We’ve lamented this issue before, but Hollywood’s reliance on old hat to drive new profits has reached the tipping point of ridiculous.
As Vulture points out, an insane one in three movies in your local cineplex next year will either be based on an old movie or show, or it will be a sequel.
We were hardly surprised to read that, especially since in the 14 days since we ran a slideshow of major reboots we were firmly against, two more have been announced: “Highlander” and “Point Break.”
But now we feel like Hollywood’s just trying to see how far they can push us:
Universal is “developing a new version” of “Scarface.”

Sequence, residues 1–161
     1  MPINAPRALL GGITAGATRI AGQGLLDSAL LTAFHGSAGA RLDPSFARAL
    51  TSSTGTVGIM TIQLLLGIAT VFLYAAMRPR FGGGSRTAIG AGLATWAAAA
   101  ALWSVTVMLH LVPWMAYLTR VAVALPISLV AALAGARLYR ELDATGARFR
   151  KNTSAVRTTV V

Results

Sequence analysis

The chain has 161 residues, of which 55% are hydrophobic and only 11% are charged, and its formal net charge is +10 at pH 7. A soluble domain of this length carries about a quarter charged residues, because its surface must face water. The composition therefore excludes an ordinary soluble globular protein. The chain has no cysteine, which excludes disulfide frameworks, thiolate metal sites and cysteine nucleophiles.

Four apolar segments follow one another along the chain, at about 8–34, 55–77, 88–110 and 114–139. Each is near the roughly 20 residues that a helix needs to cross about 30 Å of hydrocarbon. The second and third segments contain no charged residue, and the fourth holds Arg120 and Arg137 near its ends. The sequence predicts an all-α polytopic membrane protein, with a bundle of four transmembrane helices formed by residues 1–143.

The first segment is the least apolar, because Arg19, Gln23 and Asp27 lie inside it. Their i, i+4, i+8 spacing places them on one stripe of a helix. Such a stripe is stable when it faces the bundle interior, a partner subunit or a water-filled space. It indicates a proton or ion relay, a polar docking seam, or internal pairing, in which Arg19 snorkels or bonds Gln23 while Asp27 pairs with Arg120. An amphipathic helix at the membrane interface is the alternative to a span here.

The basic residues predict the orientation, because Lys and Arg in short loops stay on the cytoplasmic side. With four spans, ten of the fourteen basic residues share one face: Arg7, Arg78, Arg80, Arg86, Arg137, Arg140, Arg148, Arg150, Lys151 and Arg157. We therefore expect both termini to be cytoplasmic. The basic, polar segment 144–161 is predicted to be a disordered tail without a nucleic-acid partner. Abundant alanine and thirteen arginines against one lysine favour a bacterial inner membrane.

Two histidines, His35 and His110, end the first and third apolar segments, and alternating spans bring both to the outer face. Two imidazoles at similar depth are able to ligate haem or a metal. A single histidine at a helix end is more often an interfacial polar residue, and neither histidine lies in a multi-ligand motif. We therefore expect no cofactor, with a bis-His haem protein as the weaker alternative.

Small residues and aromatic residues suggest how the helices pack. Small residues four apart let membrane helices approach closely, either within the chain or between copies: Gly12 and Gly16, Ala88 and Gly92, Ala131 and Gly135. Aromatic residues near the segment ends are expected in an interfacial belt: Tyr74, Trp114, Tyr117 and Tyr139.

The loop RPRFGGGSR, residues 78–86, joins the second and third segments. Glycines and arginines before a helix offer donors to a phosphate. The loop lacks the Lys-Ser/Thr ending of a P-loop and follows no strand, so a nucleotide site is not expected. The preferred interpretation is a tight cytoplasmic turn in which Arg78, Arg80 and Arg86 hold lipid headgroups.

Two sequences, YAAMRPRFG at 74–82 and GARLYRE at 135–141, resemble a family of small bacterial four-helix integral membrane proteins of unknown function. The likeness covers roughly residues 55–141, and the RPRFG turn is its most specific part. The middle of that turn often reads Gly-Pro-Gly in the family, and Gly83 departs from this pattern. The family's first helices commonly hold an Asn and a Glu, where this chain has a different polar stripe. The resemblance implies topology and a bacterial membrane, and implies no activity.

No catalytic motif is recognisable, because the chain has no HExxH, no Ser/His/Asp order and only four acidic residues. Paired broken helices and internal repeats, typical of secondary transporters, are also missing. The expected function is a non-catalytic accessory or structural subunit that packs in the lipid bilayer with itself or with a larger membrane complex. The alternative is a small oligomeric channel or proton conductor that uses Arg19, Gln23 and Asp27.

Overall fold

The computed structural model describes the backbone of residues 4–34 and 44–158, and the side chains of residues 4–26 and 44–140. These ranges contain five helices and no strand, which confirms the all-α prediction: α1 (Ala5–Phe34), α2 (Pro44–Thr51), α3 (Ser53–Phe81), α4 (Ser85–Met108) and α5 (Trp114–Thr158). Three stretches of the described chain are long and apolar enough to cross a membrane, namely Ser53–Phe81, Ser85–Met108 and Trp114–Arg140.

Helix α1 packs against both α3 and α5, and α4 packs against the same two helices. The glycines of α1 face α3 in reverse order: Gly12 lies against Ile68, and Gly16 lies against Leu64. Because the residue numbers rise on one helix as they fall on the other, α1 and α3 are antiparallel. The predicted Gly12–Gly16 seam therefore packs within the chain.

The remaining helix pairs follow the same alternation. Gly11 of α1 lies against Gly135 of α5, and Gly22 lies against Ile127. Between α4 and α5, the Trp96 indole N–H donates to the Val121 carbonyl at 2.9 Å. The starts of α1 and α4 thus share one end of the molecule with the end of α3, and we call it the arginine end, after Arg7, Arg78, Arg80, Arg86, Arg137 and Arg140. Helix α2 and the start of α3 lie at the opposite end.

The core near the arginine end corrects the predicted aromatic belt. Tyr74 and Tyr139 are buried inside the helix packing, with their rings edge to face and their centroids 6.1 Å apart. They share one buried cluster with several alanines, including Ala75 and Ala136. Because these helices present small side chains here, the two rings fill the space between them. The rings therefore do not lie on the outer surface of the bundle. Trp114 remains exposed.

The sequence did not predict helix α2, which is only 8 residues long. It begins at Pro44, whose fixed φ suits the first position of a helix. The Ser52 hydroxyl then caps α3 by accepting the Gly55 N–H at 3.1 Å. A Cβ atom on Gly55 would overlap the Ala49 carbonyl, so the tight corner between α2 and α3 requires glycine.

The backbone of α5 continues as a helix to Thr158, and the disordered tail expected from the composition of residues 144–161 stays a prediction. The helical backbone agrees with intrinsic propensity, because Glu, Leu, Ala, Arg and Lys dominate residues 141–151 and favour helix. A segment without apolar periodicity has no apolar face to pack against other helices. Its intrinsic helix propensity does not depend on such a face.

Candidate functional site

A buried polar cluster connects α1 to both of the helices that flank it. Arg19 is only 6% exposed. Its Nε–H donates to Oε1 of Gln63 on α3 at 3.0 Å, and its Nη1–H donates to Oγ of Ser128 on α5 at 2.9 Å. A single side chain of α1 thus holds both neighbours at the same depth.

Sure. Why not? It probably won’t be hard to top Al Pacino’s. (There was also a 1932 version of the film.)
And there’s this: Universal is adamant that this isn’t a remake or a sequel:
It will take the common elements of the first two films: an outsider, an immigrant, barges his way into the criminal establishment in pursuit of a twisted version of the American dream, becoming a kingpin through a campaign of ruthlessness and violent ambition. The studio is keeping the specifics of where the new Tony character comes from under wraps at the moment, but ethnicity and geography were important in the first two versions.
In other words: the studio will use an iconic film character to prop up a story that can’t possibly do it justice — how good can it be if it needs Tony Montana to prop it up?
Shameless, cheap, and lame.
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